Former congressman and Republican presidential candidate Ron Paul appeared Thursday on MSNBC’s “Now W/ Alex Wagner” to discuss the possibility of a U.S. military strike on Syria.
Perhaps the most interesting moment from Paul’s appearance occurred when Wagner tried to get him to agree that President Barack Obama acted nobly when he decided over the weekend to “let” Congress decide whether the U.S. should commit military resources to the war-torn region.
“Do you not applaud the president for making that decision?” Wagner asked.
“This is [purely] political. I mean, he still says he doesn’t need the authority. All our presidents say, ‘We don’t need the authority,'" Paul said.
"But if there’s a public pressure to say, 'Oh, let’s give the congress a say' ... like we’re very important, and then they condone everything – we always condone essentially anything the presidents want to do," he added.
In short, Paul explained, the president didn’t hand Syria to Congress because he wanted to adhere to the Constitution. He handed the decision to Congress because his polling numbers have tanked.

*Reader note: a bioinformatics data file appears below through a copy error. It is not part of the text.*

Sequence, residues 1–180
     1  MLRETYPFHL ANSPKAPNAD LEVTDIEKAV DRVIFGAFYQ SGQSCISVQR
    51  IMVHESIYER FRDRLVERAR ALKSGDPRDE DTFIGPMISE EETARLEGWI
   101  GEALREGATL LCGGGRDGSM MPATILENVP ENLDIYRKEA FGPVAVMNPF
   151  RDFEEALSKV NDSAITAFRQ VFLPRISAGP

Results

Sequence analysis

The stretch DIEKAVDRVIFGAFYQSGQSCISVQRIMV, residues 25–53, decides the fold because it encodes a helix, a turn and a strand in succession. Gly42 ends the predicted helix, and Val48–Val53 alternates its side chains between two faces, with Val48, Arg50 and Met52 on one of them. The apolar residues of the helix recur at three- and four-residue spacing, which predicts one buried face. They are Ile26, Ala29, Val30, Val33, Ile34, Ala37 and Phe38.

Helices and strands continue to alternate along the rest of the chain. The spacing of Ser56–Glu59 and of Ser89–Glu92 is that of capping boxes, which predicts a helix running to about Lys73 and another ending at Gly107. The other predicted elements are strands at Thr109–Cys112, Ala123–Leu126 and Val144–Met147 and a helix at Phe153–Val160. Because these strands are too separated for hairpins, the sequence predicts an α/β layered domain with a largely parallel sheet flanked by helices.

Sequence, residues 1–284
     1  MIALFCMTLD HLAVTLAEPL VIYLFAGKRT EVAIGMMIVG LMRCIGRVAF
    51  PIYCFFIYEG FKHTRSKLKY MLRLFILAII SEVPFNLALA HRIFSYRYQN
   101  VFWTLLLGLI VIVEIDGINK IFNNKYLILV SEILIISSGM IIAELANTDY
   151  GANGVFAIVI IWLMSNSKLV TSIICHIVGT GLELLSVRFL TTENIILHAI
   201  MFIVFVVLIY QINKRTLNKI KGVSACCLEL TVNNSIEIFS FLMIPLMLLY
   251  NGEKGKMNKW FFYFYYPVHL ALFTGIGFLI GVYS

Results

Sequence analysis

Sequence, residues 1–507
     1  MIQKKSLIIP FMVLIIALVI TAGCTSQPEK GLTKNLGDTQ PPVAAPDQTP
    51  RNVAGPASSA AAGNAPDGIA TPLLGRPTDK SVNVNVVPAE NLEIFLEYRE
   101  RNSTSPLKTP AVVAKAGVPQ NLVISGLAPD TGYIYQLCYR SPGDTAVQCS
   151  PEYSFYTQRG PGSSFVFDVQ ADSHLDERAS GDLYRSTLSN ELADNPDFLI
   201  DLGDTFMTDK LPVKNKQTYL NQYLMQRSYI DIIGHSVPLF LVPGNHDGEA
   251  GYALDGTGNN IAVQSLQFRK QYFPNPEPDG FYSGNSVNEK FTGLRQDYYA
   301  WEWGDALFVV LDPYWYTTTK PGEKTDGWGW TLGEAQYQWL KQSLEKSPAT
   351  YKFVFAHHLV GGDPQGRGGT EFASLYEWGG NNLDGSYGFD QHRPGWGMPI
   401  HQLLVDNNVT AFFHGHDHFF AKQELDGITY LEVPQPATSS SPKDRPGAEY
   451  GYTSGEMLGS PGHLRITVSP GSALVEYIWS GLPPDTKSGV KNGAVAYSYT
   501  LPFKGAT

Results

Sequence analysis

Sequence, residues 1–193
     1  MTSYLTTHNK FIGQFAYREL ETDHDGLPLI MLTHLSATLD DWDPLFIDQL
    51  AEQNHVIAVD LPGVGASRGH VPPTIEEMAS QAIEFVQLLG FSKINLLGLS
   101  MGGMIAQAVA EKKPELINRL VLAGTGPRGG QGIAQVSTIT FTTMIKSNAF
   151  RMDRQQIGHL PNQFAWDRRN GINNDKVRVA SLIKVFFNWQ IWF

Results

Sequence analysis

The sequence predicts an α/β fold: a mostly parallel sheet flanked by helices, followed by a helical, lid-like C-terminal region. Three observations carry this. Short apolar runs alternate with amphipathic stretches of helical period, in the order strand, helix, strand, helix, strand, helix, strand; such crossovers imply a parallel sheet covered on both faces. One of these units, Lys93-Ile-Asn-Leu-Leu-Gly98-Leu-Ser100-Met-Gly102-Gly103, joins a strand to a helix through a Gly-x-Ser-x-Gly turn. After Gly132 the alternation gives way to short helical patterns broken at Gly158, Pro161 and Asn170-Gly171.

You can watch the discussion here:
Now although that portion of the interview ended cordially enough, the entire MSNBC segment did not.
Things turned ugly when Wagner questioned Paul over his decision to speak at an event hosted by the Fatima Center, a group with some reportedly questionable positions regarding Jews (you can read the group's response to this charge here).
Wagner asked Paul if he planned on cancelling his speaking engagement.
Paul replied “no,” adding later:
I’m going to a conservative, Catholic group that is pro-peace and wants to hear my foreign policy and my take on economy. If I go only—I wouldn’t be on this station [MSNBC] if I had a litmus test.
Wagner then quoted some of the more questionable items from the group’s charter.
“I have nothing to do with that,” Paul responded. “Sounds to me like you have me on here to bash Catholics.”
“There have been a lot of folks that have been involved with your campaign, supporters, newsletters that have been accredited to you that have strong anti-Semitic, racist undertones,” she said.
The former congressman was not amused: “When people disagree with your ideas they have to destroy your character.”
The interview ended soon thereafter, the two parting ways on a sour note:
(H/T: Mediaite). Featured image screen grab.
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